On Apr 3, 2022, at 5:40 PM, Pete Helgren <pete@xxxxxxxxxx> wrote:
EASIER is in the eye of the beholder. PCML doesn't exactly look easy and I am up against the same unknowns. Here is the PCML so far:
<!-- PCML source for calling "Renew Certificate" (QYCDRNWC) API -->
<!-- Format RNWC0300 - Other formats are available -->
<data name="offsettofile" type="int" length="4" usage="input"/>
<data name="lengthoffilename" type="int" length="4" usage="input"/>
<data name="certfile" type="char" length="lengthoffilename" usage="input"/>
<!-- Program QYCDRNWC and its parameter list for retrieving RNWC0300 format -->
<program name="qycdrnwc" path="/QSYS.LIB/QICSS.LIB/QYCDRNWC.SRVPGM">
<data name="certreqdata" type="struct" struct="rnwc0300" usage="input"/>
<data name="reqdataLength" type="int" length="4" usage="input" /> ???????????
<data name="format" type="char" length="8" usage="input" init="RNWC0300"/>
<data name="errorCode" type="int" length="4" usage="input" init="0"/>
The structure for the RNWC0300 format is:
Dec Hex Type Field
0 0 Binary (4) Offset to certificate path and file name
4 4 Binary (4) Length of certificate path and file name
Char (*) Certificate path and file name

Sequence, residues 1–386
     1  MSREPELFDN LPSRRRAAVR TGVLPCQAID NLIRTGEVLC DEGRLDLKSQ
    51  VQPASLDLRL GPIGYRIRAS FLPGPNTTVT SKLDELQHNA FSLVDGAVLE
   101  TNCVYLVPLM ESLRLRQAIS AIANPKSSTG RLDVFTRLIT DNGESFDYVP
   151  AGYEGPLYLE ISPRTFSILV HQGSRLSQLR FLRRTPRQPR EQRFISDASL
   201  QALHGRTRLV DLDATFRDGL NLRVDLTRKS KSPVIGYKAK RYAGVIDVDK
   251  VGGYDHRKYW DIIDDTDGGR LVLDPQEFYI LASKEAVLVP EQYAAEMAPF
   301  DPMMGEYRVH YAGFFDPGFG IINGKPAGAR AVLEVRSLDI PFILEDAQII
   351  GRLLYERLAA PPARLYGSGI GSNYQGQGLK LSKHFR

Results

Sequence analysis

So my first "stump the chump" query was "What PCML data type is a Char(*)??" You can see my guess above. Is that correct? Just a character string of a certain length? But, I think it is a pointer to the character string but couldn't find a good example of a Char(*) as an input parameter in a format structure.
The second conundrum was: How do I get the length of the structure? The parameters needed by the API are:
Required Parameter Group:
1 Certificate request data Input Char(*)
2 Length of certificate request data Input Binary(4)
3 Format name Input Char(8)
4 Error Code I/O Char(*)
Not sure if the whole thing is OK but I couldn't figure out how to get the length of the certificate request data (structure). I saw documentation in the PCML docs on "offset" and "offsetfrom" but didn't know if that is how to go about it.
This hasn't exactly been *easy* but I am willing to press on with a little hand-holding.....
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On 4/2/2022 5:16 PM, David Gibbs via JAVA400-L wrote:
Use pcml. It handles memory allocation and is much easier to use.--
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